Gallery: July 3 — Göschenen to Andermatt

The day after arriving in Gersau, we took a trip over to Uri, a substantial one involving both ship and train, to hike from Göschenen up to Andermatt.

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I think these are anti-erosion/landslide terraces.

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The amount (and proximity) of overhanging rock along the route was occasionally terrifying.

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A beautiful (and storied, if I remember right) bridge. Remember the Reuss from the preceding page? This is it again, up near its origin.

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These cover a gap over the river between the road and some other structure.

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You can see multiple pieces of infrastructure squiggling their way up through the valley: funicular railway to the left, highway to the right; these in addition to the hiking route, all of them compressed together in this tight corridor. The reason for bothering to do this is that Andermatt is a major node that connects Uri to other regions — the Valais, Ticino, and Graubünden — via mountain passes.

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There was a tractor rally or some such event down further in the valley, and we saw many a whimsical agricultural vehicle pass by. Our lunch spot, which is where this picture was shot, was high above this stretch of the road.

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Lily (I think) in the midst of a verdant patch.

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The lunch spot, with the dropoff down to the road beyond the fence.

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A mysterious hulk of a structure some distance away. I find that rocky parts of the Alps are one of the few places where monolithic concrete structures like this harmonize well with their context.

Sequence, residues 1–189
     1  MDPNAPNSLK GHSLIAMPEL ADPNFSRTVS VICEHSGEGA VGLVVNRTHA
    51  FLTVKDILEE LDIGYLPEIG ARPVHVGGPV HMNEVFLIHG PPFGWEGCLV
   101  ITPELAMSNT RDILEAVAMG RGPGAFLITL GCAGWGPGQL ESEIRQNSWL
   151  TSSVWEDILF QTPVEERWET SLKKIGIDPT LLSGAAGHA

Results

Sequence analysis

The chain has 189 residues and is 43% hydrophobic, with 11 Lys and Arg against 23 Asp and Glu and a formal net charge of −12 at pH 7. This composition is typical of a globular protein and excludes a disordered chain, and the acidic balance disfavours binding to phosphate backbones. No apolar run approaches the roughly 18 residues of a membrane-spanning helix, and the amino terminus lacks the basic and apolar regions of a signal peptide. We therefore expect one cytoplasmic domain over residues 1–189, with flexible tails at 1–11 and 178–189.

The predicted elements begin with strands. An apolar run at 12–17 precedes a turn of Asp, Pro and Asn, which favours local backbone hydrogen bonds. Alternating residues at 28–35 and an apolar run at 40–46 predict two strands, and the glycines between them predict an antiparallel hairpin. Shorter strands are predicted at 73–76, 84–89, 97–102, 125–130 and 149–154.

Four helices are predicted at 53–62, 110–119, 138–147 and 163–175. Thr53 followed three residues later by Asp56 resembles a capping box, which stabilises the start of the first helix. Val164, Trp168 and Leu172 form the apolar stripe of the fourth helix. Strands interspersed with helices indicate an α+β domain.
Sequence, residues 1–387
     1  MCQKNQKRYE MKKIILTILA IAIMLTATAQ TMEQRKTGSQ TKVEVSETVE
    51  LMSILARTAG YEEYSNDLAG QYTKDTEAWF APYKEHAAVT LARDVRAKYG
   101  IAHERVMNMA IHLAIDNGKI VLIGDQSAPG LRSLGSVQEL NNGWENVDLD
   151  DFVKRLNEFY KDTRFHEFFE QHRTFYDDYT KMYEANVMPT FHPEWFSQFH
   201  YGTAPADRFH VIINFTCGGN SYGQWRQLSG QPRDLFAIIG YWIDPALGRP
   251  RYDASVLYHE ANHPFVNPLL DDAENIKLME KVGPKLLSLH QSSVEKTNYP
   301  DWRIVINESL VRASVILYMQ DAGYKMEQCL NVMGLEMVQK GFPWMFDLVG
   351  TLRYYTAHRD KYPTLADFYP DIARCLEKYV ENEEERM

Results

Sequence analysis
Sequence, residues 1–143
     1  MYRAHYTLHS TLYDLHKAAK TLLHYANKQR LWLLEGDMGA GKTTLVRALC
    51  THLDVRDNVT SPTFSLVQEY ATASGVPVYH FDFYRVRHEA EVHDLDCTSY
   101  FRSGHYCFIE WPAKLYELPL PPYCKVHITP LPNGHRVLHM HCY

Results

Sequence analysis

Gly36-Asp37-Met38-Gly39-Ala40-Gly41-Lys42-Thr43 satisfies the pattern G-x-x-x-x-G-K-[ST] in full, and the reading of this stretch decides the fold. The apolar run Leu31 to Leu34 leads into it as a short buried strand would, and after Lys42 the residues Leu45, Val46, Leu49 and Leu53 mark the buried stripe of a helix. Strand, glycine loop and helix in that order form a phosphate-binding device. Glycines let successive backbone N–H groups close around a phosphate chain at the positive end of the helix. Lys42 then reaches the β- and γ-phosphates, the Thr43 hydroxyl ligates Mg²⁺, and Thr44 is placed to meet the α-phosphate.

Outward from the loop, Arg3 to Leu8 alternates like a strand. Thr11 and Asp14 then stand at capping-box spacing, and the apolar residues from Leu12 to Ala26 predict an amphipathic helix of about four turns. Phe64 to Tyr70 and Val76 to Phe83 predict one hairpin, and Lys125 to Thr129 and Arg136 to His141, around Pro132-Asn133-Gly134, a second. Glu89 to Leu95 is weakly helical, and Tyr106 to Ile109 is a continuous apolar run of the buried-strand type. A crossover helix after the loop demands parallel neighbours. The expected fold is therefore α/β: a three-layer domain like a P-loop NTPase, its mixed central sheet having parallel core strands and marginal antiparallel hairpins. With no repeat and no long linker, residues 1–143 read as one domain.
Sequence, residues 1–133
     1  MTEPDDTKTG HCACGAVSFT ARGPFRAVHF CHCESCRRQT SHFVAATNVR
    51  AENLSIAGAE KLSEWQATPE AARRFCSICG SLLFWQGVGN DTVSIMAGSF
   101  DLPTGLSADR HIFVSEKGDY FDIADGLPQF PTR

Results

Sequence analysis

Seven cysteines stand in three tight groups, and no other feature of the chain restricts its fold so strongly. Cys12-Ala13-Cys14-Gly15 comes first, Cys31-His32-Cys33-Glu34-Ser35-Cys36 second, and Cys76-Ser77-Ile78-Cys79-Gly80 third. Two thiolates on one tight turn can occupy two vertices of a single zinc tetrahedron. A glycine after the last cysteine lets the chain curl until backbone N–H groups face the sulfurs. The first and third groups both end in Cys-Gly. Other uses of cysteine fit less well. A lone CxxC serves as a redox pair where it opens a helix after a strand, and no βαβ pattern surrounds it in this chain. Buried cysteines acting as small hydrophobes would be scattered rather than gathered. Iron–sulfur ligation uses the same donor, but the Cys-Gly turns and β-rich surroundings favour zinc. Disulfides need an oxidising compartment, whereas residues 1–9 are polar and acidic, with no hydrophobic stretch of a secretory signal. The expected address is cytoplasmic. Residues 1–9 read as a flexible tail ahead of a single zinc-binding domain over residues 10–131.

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At the base of this picture are the ground plants that would entirely fail to prevent you from falling into that pool 100 meters below if you tripped.

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A Russian memorial, of all things; I think this must be related to the Russian army's conflict with Napoleon's troops in Switzerland. Quite a grand piece; it reminds me of the Bamyan Buddhas.

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This was taken from almost the same vantage point as the previous two shots, which tells you that this is really quite an impressive and curious spot. Overhead is the modern road; the bridge in the distance may be for the railway; and the third bridge is for the road we were on. The two larger bridges are successive versions of what is known as the Teufelsbrücke (the Devil's Bridge).

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Which explains this huge Picassoid devil and goat painted on the rock. The legend was that Lucifer himself built the first stone bridge and in return demanded the soul of the first person to cross the bridge, but people tried to make a loophole and sent a goat across the bridge first. (No dice.) Aw dang, there's another tractor too.

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"The old way to a new time, 1956."

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Near the end of the journey, we had to go through this room and up these spiral stairs to get where we were going. Note how it's built right into the rock.

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Once we emerged thence, this view opened up: the canalized upper Reuss and the Andermatt plateau disappearing around the slopes beyond. The plateau, which we proceeded to in order to reach the railway station to take the funicular back down to Göschenen, really feels like the rooftop of Europe, since it connects to so many mountain passes.

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I'm not sure what this austere institution was or is, but again, you can see that it is built right into the mountainside.

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Rugged stone church.

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Back in the station at Göschenen: Minis!